Our Idyllwild: The Art of Avery Field
A few years after we came to live full time in Idyllwild, we met Shirl Reid of the Idyllwild Area Historical Society . We had been thinking of volunteering at the Society, as we had experience with digital work, and thought they might need something. It turned out that, two days prior, Shirl had been tasked by the Board to go find someone who could do their first digital scans of a collection of medium and large format exposures by one of Idyllwild's earliest photographers: Avery Field. The photos in the collection were largely taken in the middle to late 20's, a time when Idyllwild was just coming into it's own for the first time.
The almost 150 large negatives were difficult viewing for the naked eye. Many were decaying from age. Either they were loosing emulsion or, in some cases, the silver negative had become too dark over time. And so, the Historical society had this tantlizing mystery in their hands, of Idyllwild back in the day.
For our part, we took multiple scans of each of the negatives for different exposures so we could blend them in post and compensate for the decay. Though they were celluloid black and white, we had heard that a kind of latent color might be present in original negatives and wanted to find out. We scanned each negative in full (3) color. You can see the results starting at 14:25 of the video. In this case, we pumped up the saturation for better viewing but the pinks and greens and browns are real and present in the original negatives.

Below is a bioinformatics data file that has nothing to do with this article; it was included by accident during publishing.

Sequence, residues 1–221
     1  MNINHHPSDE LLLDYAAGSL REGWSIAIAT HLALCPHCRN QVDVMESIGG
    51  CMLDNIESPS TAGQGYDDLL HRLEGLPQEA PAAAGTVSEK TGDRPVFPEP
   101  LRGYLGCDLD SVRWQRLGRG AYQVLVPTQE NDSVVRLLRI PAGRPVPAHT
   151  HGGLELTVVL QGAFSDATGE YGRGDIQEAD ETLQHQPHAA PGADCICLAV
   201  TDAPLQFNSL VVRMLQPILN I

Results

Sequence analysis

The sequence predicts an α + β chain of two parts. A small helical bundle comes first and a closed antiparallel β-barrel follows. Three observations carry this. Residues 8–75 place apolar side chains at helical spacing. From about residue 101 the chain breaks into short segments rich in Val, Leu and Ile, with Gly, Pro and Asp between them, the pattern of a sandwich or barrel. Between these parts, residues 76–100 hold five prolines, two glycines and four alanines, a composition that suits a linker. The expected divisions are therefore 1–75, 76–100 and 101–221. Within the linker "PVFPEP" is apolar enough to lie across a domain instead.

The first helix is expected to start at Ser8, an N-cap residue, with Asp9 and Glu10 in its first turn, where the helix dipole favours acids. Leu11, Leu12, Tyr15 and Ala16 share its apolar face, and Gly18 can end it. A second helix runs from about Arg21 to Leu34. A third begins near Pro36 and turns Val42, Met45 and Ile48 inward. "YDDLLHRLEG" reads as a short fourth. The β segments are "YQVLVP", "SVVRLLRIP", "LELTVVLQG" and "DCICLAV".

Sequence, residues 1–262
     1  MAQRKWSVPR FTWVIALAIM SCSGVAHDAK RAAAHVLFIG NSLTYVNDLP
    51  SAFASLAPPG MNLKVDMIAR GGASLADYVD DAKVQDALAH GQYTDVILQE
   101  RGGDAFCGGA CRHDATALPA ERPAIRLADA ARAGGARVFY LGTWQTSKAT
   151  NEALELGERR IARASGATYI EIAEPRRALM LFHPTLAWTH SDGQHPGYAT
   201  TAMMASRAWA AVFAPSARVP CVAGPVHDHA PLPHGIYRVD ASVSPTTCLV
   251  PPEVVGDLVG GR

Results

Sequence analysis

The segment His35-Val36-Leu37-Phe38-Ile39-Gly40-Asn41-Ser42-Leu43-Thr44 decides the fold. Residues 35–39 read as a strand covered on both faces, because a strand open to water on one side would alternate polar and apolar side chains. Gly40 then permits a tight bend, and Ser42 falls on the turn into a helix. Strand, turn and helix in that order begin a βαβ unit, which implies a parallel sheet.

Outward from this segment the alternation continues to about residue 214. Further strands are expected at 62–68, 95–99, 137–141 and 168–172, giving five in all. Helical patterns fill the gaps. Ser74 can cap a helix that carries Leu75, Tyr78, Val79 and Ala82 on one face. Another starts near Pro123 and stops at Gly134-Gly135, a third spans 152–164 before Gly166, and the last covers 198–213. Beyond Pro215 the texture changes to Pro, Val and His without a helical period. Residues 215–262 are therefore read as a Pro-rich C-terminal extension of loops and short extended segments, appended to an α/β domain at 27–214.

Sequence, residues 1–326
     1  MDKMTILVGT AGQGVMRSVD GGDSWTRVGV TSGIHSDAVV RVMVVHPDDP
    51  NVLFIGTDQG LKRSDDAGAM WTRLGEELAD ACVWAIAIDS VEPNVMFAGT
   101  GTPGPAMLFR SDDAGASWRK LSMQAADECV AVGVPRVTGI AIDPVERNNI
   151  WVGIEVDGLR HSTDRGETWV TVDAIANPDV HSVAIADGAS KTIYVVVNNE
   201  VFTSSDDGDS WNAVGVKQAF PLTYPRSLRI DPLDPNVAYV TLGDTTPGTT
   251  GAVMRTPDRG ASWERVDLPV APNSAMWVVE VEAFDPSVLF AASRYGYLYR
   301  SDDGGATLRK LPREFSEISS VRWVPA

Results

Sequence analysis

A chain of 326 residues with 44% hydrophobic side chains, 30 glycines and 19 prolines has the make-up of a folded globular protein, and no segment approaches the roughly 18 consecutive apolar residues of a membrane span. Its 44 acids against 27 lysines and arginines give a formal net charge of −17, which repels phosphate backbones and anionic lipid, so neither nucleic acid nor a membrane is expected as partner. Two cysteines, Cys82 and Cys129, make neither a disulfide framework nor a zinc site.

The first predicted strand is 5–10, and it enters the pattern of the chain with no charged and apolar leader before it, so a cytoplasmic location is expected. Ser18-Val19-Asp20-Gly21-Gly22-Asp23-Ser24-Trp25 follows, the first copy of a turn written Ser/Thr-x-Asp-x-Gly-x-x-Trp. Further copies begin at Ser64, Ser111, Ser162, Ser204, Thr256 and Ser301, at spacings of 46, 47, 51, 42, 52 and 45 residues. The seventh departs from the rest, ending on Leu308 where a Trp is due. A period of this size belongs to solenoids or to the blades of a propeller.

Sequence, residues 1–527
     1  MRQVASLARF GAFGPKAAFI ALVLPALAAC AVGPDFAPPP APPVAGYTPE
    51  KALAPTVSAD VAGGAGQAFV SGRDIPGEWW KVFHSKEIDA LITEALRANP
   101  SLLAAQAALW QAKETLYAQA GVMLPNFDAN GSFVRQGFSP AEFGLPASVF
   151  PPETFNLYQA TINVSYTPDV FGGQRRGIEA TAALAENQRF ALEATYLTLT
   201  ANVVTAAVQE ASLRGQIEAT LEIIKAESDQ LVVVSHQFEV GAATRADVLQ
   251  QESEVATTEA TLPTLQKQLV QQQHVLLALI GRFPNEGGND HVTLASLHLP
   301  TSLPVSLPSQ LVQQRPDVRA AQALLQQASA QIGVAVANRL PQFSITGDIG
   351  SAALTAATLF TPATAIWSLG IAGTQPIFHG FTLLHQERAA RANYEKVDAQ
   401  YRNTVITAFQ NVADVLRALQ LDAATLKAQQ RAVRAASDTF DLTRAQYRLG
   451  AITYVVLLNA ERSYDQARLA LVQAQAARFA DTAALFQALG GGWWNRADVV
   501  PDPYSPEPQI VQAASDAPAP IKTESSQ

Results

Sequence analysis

When we were done we decided to produce the following, rather cinematic slide show for many of the key members of the Historical Society. It was presented in three parts; The People, The Architecture and The Land and featured a grand, though "borrowed" soundtrack. But matching the affection that Avery Field showed in his own pictorial view of our mountain more than 90 years ago. The photos created became the museum exhibit called: "The Art of Avery Field", one of Idyllwild's first (and part of a long succession of) photographers who would find themselves on this mountain.
A handful of people saw this originally and then a few more just once again at the Rustic Theatre, some years ago. We thought if might be fun to show it again, if only to get sappy about an Idyllwild gone-by which is still so similar to Idyllwild of today. If you live, or have lived in this wonderful place, you'll likely recognize many things in these photos, if not yourself.